SME Skills Gaps in Finance and Growth identified in MentorsWork Report

June 02, 2022

Productivity and business development is being curtailed across many small and medium sized enterprises, due to emerging skill gaps. This is according to a new report1 compiled by MentorsWork, a collaborative venture of Skillnet Ireland and the Small Firms Association, whose findings also show that many SMEs are also struggling to access finance and financial supports.

While innovation and technological advances are critical in delivering increased productivity, SMEs crucially must have robust financial planning, Sven Spollen-Behrens, Director of the Small Firms Association (SFA), says.

It is critical that owner-managers of small businesses have up-to-date organisational and financial skills, including financial literacy, financial analysis skills and understanding risk, in order to implement the necessary changes to adapt to an ever-evolving business landscape”.

MentorsWork, an award-winning joint initiative from Skillnet Ireland and the Small Firms Association (SFA), is designed for business owners and managers throughout Ireland, to help boost SME productivity by providing mentoring and business development tools.

The report determines several predictors of financial competency, with higher employee numbers, and older businesses (10+ years) more positively correlated with stronger financial literacy skills and higher capacity to execute effective strategic planning.

Younger SME businesses (10 years or less), score lower than older counterparts in the report’s metrics in measuring financial literacy, financial analysis and understanding risk. In addition, these businesses have more difficulty with routes to accessing financing and financial supports, as do businesses with 9 employees or fewer.

ICT and services are the sectors particularly challenged when it comes to financing needs, and the services industry is associated with lower levels of financial literacy in the report.

By sector, retail and hospitality, food and drink, and manufacturing report above average competency around financial planning. SMEs involved in ICT are average, while services and all others rated below average.

Manufacturing, ICT, retail, hospitality and food and drink performed best when it came to assessing finances and risk.

The MentorsWork programme includes an in-depth competency assessment on SMEs’ main productivity drivers, one of which is finance and growth skills, Skillnet Ireland Strategy Officer, Mark Jordan says.

Programmes are developed in response to specific business needs, which we regularly measure and assess. Our latest data from recent MentorsWork participants has helped us refine supports in the areas of finance and business growth for specific types of business.

“For example, the new 2022 MentorsWork programme, launched last month, includes a more intensive programme for faster growing businesses, as well as additional new support in progressing a business plan for former scheme participants.”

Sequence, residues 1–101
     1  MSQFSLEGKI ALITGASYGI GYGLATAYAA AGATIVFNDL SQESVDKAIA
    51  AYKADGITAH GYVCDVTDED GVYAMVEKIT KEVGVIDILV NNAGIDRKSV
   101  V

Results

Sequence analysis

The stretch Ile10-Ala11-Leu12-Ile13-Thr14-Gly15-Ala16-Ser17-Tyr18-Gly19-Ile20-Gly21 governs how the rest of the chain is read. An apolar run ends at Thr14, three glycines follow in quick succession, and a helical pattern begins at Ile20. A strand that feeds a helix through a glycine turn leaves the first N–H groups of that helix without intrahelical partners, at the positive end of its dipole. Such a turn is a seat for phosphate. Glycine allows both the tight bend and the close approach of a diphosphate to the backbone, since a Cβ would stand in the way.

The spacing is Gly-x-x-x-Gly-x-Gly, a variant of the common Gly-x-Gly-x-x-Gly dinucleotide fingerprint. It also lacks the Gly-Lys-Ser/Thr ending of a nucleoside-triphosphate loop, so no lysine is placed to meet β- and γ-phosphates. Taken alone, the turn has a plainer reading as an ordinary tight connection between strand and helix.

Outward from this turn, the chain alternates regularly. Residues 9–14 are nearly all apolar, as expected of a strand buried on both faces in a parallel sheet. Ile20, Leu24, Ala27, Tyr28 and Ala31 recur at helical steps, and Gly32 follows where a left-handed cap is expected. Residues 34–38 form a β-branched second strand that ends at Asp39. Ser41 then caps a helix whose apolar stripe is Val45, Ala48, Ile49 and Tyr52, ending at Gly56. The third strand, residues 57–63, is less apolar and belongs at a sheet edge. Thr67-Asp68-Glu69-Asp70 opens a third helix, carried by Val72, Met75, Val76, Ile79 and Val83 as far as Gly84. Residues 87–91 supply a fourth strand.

The success rate of businesses completing the 12-week MentorsWork programme is impressive to date, the Skillnet Ireland Strategy Officer says.

“The mentoring and business planning programme supports SMEs with up to 250 employees from a diverse range of sectors. SMEs play an important role in driving Ireland’s economic revival. The programme helps companies to focus on key talent needs which are essential to shape and deliver on a sustainable business plan,” Jordan says.

Launched in 2020, MentorsWork has helped over 1,000 businesses around Ireland. The next round of 1,000 programme places is now open to SME owners and leadership teams across all industry. Any private sector business with up to 250 employees can participate in the 12-week subsidised mentoring programme, addressing core competencies with a one-to-one mentor.

Marks for Marketing

Competency in business marketing is highest in the retail and hospitality and food and drink sectors, and for larger companies too. Younger companies (0-10 years) rate their marketing competency higher than more established businesses.

Older and larger businesses rate their competence in winning and competing for new business more highly, with retail and hospitality out-pacing services, manufacturing and ICT businesses.

The motivation for growth in the retail and hospitality industry is lower than average, however, it seems. The same is true for younger and smaller businesses.

Businesses more than 21 years old and those with 10 employees or more are associated with higher strategic planning scores. The manufacturing, food and drink, and ICT sectors are rated more highly than average for strategic planning.

A strategy focus is something significant that an independent mentor can bring to a business, Sven Spollen-Behrens of the Small Firms Association (SFA), says.

Small business owners are pulled in all directions, and will often manage day-to-day operations and sales and marketing too, to keep business ticking over. Where MentorsWork helps is in directing attention to future business planning, such as what does expansion look like, how will it be funded, and where will it come from?

One-to-one mentoring sessions, peer-focused workshops, expert-led masterclasses and an online learning platform are all part of the scheme to support business productivity.

MentorsWork supports businesses in sectors including services and manufacturing for domestic and international markets. Lifestyle, hair and beauty, childcare, technology, retail, marketing services, and recruitment are largely represented in the 12-week programme too. SME owners and managers can apply now to participate at https://mentorswork.ie/

Read the SME Finance & Growth Report here.